Maclin

Jeremy Maclin – ADP WR23

I honestly don’t understand why Jeremy Maclin has been so undervalued the last two seasons. I get the fact that he plays for the Chiefs and his QB is Alex Smith, but last season should have been enough to prove just how valuable he can be. He finished as WR17 in standard leagues and WR15 in PPR. He set a career high in receptions with 87, and he only played in 15 games. In terms of roster construction, we are always looking for reliable players who can be counted on to produce on a weekly basis. Maclin provided that level of consistency averaging 10.4 FP in standard leagues and 16.2 in PPR. At the end of the day, he’s a player that is ultra-consistent, and can be had in the fourth-fifth round which is an absolute steal. I will be doing backflips (there’s no way in hell I can actually live up to that) if I can land him as my WR3, but wouldn’t lose any sleep if he’s my WR2 either.

Brown ARZ

John Brown – ADP WR31

Did I miss something on John Brown? How in the world is he a borderline WR3? He put up WR2 numbers and finished as the WR21 overall in standard scoring. Last season, he put together his best season with 65 receptions, 1,003 yards, and seven touchdowns. He also had a stretch last where he was nursing a hamstring issue that limited him some and caused him to miss one game. I get the fact that he’s playing in a crowded wide receiver core with fellow studs in Michael Floyd and Larry Fitzgerald. However, John Brown brings something to the table that none of the other two can and that’s his explosiveness and ability to take the top off the defense. He’s a home-run hitter who can take it to the house anytime he gets his hands on the ball. The fact that Jordan Matthews, DeVante Parker, and even fellow teammate Larry Fitzgerald are coming off the board before him is something I can’t quite understand from a value and upside standpoint. Brown has the upside of high-end WR2 and the floor of a WR3 without figuring injury into the equation. If his ADP doesn’t change I will be loaded with all of the shares of John Brown.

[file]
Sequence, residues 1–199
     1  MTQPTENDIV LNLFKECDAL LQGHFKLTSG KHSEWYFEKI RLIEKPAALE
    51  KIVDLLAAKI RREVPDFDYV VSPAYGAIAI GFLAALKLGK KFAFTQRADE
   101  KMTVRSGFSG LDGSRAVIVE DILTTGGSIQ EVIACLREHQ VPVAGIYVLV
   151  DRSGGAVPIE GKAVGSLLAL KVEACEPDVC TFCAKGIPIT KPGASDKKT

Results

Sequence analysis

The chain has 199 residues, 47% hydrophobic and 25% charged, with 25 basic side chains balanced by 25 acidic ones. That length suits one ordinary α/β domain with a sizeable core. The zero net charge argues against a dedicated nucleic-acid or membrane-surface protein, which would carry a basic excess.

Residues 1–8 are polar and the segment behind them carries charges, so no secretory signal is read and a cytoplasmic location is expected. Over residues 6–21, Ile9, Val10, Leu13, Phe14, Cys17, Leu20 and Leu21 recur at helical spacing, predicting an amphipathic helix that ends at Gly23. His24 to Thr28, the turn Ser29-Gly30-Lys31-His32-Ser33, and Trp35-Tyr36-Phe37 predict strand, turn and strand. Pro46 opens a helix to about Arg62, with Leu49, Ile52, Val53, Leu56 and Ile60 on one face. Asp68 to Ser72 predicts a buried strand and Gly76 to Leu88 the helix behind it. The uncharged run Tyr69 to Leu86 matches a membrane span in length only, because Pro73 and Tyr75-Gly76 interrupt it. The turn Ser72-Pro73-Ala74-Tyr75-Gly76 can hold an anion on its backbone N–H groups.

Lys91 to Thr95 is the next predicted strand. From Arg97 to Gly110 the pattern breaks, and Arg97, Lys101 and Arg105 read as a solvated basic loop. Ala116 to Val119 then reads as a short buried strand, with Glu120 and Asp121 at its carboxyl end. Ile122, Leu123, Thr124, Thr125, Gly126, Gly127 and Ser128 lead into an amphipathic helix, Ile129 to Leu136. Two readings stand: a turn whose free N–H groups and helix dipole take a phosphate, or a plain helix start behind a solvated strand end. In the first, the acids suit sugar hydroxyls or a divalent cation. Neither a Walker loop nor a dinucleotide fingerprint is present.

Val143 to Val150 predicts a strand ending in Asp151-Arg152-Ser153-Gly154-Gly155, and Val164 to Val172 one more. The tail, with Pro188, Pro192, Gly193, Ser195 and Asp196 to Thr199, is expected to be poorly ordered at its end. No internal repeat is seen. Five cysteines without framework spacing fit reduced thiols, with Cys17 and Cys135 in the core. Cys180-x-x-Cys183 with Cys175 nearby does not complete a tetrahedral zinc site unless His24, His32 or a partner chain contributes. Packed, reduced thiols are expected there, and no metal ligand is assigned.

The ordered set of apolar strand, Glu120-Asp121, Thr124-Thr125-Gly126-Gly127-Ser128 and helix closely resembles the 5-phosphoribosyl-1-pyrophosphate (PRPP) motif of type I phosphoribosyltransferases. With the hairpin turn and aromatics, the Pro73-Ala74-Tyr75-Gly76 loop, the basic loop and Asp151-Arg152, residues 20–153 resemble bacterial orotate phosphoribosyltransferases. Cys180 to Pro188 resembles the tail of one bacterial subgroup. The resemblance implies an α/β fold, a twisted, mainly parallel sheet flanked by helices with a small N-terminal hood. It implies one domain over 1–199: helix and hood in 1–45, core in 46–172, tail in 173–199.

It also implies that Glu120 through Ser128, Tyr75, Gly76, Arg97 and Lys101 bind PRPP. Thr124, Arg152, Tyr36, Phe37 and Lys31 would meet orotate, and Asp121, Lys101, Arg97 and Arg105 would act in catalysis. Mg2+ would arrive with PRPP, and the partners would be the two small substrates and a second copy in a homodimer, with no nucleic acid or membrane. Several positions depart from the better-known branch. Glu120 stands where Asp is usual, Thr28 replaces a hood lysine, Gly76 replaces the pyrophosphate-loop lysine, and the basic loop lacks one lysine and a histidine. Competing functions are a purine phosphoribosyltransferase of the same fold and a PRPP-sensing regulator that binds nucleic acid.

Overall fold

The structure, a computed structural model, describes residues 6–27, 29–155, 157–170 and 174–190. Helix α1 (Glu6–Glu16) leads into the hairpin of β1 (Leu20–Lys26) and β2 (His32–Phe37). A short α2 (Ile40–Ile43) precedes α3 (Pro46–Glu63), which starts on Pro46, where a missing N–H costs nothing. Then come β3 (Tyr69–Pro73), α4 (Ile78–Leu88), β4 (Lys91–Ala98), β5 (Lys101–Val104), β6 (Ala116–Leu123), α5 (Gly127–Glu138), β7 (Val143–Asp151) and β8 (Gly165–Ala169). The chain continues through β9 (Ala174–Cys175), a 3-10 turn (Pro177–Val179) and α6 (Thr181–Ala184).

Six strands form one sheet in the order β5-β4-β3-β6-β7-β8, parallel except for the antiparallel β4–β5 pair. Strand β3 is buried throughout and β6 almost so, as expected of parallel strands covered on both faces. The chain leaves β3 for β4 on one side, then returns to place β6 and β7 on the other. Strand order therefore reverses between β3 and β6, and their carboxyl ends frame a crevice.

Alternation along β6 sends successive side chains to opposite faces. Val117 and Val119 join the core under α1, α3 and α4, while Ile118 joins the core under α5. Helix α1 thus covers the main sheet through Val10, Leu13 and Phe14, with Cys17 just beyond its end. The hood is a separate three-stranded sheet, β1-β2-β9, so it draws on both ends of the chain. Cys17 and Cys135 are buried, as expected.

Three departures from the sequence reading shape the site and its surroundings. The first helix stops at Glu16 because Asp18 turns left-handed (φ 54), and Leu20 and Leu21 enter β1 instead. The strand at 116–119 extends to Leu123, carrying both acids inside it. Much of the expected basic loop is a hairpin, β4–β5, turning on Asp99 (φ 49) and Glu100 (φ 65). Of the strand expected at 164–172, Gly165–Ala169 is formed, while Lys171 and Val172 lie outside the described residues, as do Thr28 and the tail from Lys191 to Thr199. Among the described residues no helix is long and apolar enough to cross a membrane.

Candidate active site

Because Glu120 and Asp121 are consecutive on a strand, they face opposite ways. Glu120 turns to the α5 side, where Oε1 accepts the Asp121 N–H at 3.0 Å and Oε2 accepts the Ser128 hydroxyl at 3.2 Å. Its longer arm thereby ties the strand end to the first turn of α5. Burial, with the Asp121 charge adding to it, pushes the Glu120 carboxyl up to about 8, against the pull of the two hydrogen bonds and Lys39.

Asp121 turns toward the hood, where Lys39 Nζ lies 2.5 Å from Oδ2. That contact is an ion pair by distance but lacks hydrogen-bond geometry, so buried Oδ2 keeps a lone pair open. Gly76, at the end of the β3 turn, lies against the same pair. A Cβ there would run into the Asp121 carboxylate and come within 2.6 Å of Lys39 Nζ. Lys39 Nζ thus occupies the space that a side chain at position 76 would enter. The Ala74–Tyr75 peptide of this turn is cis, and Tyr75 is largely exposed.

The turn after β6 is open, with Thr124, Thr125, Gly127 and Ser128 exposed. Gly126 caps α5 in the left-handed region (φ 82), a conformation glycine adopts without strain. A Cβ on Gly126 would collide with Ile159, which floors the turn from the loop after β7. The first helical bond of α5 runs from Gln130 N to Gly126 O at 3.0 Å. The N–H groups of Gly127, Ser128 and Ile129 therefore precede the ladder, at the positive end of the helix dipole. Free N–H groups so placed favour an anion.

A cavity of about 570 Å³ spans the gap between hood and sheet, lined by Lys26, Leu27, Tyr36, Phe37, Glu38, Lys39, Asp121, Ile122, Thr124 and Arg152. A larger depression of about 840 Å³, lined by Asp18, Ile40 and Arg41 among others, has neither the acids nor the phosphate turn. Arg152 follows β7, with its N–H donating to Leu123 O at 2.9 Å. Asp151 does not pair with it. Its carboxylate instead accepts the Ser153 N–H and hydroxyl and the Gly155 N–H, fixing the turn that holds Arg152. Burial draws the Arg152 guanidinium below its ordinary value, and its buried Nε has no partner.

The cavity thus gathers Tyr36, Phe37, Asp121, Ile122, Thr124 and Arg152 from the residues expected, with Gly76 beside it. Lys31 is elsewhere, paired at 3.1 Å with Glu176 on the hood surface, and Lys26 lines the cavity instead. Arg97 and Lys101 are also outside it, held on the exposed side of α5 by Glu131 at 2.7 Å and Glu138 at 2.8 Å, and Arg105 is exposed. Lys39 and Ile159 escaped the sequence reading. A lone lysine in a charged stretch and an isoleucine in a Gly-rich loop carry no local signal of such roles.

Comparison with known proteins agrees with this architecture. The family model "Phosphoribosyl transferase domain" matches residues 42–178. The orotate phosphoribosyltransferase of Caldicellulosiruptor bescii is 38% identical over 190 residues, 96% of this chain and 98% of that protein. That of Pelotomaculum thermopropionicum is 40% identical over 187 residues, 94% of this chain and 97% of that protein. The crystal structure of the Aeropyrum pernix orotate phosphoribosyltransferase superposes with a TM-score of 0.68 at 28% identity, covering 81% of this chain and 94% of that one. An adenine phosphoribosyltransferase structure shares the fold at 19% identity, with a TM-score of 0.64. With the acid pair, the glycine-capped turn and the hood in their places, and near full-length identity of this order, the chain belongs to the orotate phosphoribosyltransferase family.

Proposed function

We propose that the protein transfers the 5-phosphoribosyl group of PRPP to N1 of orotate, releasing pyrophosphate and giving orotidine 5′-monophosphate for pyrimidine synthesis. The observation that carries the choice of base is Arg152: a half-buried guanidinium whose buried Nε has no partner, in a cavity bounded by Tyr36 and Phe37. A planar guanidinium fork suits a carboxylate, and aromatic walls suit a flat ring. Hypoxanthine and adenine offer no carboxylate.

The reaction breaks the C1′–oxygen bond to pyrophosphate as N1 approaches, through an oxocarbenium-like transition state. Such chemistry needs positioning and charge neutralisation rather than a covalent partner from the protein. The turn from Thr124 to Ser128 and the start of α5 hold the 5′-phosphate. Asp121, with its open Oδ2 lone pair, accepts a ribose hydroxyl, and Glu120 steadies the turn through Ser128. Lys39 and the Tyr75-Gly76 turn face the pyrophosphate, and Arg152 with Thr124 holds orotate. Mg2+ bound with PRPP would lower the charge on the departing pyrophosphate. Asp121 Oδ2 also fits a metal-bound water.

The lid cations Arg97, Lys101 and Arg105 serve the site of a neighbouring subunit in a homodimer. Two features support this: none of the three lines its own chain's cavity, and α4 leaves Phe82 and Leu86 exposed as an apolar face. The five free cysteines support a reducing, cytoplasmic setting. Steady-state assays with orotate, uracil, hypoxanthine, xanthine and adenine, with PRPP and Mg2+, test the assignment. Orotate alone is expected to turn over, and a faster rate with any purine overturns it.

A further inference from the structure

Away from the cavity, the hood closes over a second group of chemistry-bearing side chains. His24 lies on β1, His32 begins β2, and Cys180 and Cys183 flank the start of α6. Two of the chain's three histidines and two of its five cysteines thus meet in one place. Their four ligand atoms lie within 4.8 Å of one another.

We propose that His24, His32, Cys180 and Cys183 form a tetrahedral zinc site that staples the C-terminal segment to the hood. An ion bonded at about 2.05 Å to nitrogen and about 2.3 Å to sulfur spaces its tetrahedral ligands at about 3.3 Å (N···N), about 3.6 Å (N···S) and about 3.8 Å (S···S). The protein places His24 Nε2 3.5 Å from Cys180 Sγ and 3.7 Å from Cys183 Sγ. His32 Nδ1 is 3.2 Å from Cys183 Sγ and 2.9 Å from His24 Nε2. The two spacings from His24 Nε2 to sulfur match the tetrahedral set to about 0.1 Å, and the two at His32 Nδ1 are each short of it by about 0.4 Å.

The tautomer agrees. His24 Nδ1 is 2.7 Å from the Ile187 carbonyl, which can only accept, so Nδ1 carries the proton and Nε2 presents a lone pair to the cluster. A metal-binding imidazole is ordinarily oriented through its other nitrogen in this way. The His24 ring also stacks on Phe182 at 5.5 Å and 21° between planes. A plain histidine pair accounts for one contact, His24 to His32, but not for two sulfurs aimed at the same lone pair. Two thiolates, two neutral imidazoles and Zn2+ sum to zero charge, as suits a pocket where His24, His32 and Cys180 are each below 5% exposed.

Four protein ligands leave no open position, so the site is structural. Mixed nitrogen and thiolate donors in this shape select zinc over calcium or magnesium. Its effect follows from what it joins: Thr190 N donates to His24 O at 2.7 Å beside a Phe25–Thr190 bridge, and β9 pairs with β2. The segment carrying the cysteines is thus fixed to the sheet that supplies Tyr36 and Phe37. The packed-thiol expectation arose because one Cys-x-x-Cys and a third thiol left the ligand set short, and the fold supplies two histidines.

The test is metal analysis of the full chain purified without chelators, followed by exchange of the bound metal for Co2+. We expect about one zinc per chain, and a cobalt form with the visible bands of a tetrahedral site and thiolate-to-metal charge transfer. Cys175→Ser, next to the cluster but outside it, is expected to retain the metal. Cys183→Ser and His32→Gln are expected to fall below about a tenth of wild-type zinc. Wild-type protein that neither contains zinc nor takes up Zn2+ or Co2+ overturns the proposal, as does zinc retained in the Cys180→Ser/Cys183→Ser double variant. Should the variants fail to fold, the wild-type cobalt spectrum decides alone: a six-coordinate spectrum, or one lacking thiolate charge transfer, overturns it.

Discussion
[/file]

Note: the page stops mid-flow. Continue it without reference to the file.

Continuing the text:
Torrey Smith

Torrey Smith – ADP WR56